Kevin Norwood Bacon (born July 8, 1958) is an American actor. His films include the musical-drama film Footloose (1984), the controversial historical conspiracy legal thriller JFK (1991), the legal drama A Few Good Men (1992), the historical docudrama Apollo 13 (1995), and the mystery drama Mystic River (2003). Bacon is also known for voicing the title character in Balto (1995), and was taking on darker roles, such as that of a sadistic guard in Sleepers (1996), and troubled former child abuser in The Woodsman (2004). He is further known for the hit comedies National Lampoon's Animal House (1978), Diner (1982), Tremors (1990) and Crazy, Stupid, Love (2011). His other well-known films are Friday the 13th (1980), Flatliners (1990), The River Wild (1994), Wild Things (1998), Stir of Echoes (1999), Hollow Man (2000), Frost/Nixon (2008), X-Men: First Class (2011), Black Mass (2015) and Patriots Day (2016). He is equally prolific on television, having starred in the Fox drama series The Following (2013–2015). For the HBO original film Taking Chance (2009), Bacon won a Golden Globe Award and a Screen Actors Guild Award, also receiving a Primetime Emmy Award nomination. More recently, Bacon portrayed the title character, and was the series lead, of the Amazon Prime web television series I Love Dick, for which he was nominated for a Golden Globe Award.
Bacon in 2014
Kevin Norwood Bacon
July 8, 1958
|Children||2, including Sosie Bacon|
The Guardian named him one of the best actors never to have received an Academy Award nomination. In 2003, Bacon received a star on the Hollywood Walk of Fame for his contributions to the motion picture industry.
Bacon has become associated with the concept of interconnectedness (as in social networking services), having been popularized by the game "Six Degrees of Kevin Bacon". In 2007, he created SixDegrees.org, a charitable foundation.
Early life and education
Bacon, the youngest of six children, was born and raised in a close-knit family in Philadelphia. His mother, Ruth Hilda (née Holmes; 1916–1991), taught at an elementary school and was a liberal activist, while his father, Edmund Norwood Bacon (1910–2005), was an architect who served for many years as executive director of the Philadelphia City Planning Commission.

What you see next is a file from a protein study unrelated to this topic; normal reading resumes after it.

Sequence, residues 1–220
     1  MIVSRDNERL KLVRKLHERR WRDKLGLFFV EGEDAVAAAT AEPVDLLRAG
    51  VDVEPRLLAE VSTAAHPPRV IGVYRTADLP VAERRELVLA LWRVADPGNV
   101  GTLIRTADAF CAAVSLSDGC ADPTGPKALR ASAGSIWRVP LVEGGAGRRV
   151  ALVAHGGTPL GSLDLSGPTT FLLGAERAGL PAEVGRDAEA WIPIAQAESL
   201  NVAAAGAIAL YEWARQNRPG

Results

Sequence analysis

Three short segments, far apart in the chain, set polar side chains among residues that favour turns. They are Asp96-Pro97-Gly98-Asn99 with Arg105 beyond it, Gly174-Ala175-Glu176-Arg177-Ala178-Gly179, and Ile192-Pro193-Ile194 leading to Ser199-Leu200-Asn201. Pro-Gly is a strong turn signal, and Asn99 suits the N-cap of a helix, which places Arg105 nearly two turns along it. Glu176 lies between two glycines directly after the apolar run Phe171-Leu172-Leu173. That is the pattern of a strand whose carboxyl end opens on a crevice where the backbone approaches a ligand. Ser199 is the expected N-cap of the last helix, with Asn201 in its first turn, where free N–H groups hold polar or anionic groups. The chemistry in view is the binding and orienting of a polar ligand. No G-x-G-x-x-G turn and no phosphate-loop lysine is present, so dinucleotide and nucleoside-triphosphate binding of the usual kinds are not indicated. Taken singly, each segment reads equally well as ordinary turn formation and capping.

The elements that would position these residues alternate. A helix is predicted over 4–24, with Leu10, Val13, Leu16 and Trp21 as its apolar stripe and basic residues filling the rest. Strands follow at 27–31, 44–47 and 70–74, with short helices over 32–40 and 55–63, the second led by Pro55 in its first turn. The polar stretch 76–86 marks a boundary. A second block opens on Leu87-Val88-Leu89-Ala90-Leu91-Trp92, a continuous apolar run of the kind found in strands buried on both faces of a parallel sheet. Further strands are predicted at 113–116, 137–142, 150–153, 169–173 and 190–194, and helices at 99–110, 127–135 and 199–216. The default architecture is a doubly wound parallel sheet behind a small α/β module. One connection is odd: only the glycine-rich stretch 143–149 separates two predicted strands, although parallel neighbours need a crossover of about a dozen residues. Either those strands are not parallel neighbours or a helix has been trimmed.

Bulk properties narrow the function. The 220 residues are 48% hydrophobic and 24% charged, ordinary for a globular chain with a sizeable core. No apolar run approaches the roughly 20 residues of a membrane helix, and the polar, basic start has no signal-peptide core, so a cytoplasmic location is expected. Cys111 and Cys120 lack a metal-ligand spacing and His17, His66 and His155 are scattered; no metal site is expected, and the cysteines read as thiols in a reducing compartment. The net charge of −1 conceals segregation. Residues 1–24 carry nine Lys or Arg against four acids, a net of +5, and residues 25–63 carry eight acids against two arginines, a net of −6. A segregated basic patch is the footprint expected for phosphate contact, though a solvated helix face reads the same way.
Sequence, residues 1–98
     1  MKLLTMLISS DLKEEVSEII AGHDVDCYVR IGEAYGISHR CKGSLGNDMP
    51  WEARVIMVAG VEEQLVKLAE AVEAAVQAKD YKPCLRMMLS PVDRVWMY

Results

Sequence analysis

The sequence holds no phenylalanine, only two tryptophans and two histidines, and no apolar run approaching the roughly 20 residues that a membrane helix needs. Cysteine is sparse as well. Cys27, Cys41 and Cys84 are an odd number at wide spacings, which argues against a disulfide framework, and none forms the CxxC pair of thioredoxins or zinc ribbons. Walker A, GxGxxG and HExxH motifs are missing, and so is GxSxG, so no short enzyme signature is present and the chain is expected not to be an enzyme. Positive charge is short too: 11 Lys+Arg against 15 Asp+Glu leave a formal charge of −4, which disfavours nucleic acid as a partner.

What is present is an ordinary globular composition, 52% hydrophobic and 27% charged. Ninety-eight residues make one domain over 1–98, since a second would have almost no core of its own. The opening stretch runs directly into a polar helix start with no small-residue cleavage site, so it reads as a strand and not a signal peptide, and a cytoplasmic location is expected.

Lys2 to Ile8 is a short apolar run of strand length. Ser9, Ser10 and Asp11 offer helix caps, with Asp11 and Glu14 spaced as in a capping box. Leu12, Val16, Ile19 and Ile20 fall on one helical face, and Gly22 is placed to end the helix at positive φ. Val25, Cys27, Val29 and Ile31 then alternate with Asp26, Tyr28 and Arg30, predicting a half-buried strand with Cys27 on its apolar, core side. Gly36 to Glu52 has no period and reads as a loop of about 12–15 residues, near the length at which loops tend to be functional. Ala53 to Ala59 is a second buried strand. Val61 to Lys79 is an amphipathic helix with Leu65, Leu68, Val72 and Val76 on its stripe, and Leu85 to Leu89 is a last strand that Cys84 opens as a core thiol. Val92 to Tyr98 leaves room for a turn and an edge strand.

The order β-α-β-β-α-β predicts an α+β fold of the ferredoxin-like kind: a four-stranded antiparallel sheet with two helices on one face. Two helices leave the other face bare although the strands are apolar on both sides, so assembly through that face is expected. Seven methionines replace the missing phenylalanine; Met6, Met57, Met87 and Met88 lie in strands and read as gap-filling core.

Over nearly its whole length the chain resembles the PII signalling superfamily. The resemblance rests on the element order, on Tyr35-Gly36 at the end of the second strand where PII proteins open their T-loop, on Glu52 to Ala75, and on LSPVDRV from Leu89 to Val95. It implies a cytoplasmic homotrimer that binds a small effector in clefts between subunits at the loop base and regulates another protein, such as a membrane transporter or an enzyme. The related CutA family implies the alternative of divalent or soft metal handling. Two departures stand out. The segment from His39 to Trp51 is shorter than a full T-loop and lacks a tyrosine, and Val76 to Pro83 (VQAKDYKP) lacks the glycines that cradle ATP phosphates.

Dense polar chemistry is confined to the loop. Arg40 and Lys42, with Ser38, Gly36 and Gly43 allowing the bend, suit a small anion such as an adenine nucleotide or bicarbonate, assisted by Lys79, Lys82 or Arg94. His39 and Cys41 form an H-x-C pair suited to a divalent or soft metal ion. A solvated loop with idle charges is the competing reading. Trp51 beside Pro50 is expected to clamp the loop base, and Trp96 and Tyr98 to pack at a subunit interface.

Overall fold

Bacon attended Julia R. Masterman High School for both middle and high school. At age 16, in 1975, Bacon won a full scholarship to and attended the Pennsylvania Governor's School for the Arts at Bucknell University, a state-funded five-week arts program at which he studied theater under Glory Van Scott. The experience solidified Bacon's passion for the arts.
Bacon left home at age 17 to pursue a theater career in New York City, where he appeared in a production at the Circle in the Square Theater School. "I wanted life, man, the real thing", he later recalled to Nancy Mills of Cosmopolitan. "The message I got was 'The arts are it. Business is the devil's work. Art and creative expression are next to godliness.' Combine that with an immense ego and you wind up with an actor." Bacon's debut in the fraternity comedy National Lampoon's Animal House (1978) did not lead to the fame he had sought, and Bacon returned to waiting tables and auditioning for small roles in theater. He briefly worked on the television soap operas Search for Tomorrow (1979) and Guiding Light (1980–81) in New York.
In 1980, he appeared in the slasher film Friday the 13th. Some of his early stage work included Getting Out, performed at New York's Phoenix Theater, and Flux, at Second Stage Theatre during their 1981–1982 season.
In 1982, he won an Obie Award for his role in Forty Deuce, and soon afterward he made his Broadway debut in Slab Boys, with then-unknowns Sean Penn and Val Kilmer. However, it was not until he portrayed Timothy Fenwick that same year in Barry Levinson's film Diner – costarring Steve Guttenberg, Daniel Stern, Mickey Rourke, Tim Daly, and Ellen Barkin – that he made an indelible impression on film critics and moviegoers alike.
Bolstered by the attention garnered by his performance in Diner, Bacon starred in Footloose (1984). Richard Corliss of TIME likened Footloose to the James Dean classic Rebel Without a Cause and the old Mickey Rooney/Judy Garland musicals, commenting that the film includes "motifs on book burning, mid-life crisis, AWOL parents, fatal car crashes, drug enforcement, and Bible Belt vigilantism." To prepare for the role, Bacon enrolled at a high school as a transfer student named "Ren McCormick" and studied teenagers before leaving in the middle of the day. Bacon earned strong reviews for Footloose. Bacon's critical and box office success led to a period of typecasting in roles similar to the two he portrayed in Diner and Footloose, and he had difficulty shaking this on-screen image. For the next several years he chose films that cast him against either type and experienced, by his own estimation, a career slump.